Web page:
Who on earth would ever want a ‘job’?
At Scaral we would define a ‘job’ as the completion of a set number of tasks during a set period of time and usually our presence is required in a set location, so we can be supervised. These strict terms are agreed in exchange for a set amount of money. It’s no accident that our pay is called ‘compensation’. A ‘job’ is what we do because someone else tells us it has to be done. Whether you are a factory worker or a banker, put like that it doesn’t sound enjoyable.
We inherited our education system from the Victorians who understandably built it in order to efficiently feed industrial growth. Even today, a centralised educational body chooses arbitrary study topics and bookends our children's learning with standardised, time restricted tests. We then reward those kids who are able to regurgitate information within the framework of a set number of tasks, during a set time period in a set location, so they can be supervised. Sound familiar? Written like that I’m not sure whose benefit the school system is for…
As young adults we’re then let loose onto the job market, armed with our exam results to demonstrate our usefulness. We quickly realise that strong exam results don’t necessarily translate into practical ability. Something else we learn is that the problem with a ‘job’ is there is always someone else can do it as well as you, or possibly better and usually for less money. That’s why we have so little influence over what we get paid, the employer has all the power.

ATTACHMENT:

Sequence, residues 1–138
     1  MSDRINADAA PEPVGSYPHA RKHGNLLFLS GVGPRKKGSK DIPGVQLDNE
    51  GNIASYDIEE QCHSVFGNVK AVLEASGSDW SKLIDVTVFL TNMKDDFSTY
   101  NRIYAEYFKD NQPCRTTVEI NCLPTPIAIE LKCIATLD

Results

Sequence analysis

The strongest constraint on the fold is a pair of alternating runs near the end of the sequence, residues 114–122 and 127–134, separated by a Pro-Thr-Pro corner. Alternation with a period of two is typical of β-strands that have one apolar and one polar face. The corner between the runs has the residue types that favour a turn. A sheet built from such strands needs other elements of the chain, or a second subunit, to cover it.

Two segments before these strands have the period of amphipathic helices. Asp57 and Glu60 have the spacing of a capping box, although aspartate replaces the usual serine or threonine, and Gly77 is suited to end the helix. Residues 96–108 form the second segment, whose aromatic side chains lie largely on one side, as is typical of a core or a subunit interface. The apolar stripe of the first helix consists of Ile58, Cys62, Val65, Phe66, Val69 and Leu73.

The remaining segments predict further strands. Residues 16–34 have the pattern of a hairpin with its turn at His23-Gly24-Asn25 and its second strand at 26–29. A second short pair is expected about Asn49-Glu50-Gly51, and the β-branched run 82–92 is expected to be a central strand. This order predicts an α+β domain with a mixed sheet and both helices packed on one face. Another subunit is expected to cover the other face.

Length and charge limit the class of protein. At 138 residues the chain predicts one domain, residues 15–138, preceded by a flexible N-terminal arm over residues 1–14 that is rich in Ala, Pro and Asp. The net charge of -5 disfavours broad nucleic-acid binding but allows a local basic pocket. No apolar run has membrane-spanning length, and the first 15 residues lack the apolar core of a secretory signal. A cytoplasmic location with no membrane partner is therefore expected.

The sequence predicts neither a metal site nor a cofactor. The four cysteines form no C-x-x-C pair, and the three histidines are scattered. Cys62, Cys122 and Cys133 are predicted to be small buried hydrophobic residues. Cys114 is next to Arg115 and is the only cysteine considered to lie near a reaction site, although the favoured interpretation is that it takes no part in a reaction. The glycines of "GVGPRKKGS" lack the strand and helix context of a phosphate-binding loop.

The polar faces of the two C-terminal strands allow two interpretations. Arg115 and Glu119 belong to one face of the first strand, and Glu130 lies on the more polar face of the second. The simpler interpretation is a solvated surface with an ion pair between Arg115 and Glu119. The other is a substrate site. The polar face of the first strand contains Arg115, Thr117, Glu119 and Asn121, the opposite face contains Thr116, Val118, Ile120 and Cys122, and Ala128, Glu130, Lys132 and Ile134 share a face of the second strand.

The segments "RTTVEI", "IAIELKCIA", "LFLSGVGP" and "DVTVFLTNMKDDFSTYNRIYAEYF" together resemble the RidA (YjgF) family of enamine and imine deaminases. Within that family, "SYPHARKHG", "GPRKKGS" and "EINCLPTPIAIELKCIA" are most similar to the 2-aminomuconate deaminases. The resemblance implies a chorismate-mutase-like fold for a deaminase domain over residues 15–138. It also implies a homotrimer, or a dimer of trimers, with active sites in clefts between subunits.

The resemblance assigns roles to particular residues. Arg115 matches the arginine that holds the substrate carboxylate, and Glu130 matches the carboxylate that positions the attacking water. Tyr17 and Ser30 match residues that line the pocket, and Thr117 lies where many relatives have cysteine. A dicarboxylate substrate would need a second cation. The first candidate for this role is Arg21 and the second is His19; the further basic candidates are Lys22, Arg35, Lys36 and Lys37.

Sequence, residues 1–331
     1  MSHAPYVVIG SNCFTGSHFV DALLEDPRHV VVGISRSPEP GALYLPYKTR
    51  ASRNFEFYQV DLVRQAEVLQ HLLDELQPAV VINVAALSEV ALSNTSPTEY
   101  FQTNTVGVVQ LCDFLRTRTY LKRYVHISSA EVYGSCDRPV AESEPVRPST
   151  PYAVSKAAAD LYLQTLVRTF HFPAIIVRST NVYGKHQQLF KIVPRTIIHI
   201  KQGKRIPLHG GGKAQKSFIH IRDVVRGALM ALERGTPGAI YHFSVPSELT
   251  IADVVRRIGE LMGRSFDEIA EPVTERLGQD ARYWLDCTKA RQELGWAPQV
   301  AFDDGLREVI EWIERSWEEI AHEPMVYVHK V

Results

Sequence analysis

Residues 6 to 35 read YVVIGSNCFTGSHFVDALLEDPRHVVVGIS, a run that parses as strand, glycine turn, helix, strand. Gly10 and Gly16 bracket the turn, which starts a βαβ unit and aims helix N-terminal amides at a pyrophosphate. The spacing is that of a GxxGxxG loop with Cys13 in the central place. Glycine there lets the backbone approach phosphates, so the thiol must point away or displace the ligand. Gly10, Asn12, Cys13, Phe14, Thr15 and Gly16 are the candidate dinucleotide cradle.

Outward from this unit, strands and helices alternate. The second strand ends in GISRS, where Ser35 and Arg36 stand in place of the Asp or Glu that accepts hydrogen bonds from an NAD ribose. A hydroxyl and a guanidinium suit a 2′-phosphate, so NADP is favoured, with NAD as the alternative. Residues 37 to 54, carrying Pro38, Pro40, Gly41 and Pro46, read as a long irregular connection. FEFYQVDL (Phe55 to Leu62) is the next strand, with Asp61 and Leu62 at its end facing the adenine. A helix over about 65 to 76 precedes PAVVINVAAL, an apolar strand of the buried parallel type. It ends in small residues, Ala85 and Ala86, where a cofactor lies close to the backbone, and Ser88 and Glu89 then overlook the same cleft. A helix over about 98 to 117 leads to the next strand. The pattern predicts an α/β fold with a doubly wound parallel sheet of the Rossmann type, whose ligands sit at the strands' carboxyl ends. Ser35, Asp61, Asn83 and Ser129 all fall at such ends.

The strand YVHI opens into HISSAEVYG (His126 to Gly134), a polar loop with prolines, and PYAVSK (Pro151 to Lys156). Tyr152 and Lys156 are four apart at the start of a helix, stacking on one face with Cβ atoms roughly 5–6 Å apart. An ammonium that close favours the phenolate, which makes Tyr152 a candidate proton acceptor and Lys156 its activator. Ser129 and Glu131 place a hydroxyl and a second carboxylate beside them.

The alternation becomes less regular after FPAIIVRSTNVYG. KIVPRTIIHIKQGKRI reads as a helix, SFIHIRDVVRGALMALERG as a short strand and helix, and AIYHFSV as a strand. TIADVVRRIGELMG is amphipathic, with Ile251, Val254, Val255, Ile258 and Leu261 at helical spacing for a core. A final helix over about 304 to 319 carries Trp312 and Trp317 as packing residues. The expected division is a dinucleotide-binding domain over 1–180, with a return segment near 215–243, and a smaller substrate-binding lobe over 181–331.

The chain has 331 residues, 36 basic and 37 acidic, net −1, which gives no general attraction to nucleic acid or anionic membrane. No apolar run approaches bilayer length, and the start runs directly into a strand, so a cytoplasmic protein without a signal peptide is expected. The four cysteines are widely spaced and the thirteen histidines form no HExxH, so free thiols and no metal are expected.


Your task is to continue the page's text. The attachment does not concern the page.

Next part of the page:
If we want to take back some of that power we need to rise above the idea of a ‘job’ and focus instead on our ‘role’, but to do that we need to have the confidence to do two things:
1) Recognise that the reason we add value to our ‘job’ is because we bring ourselves to work. It is here that the ‘job’ evolves into our ‘role’.
2) Find the courage to use that recognition as leverage to increase our compensation. Our ‘job’ remains a set of tasks. Our ‘role’ is our value.
There are practical ways to achieve the first part: regular comparisons against accurate job descriptions (JDs) and evidential records of what we achieve. This is basic stuff but important.
The second part is much harder because it requires a difficult conversation. Confrontation is not something we naturally feel comfortable with, but it’s a key part of asking for a pay rise. Master the art of the difficult conversation in 2020 and you can open up the opportunities you have already created for yourself.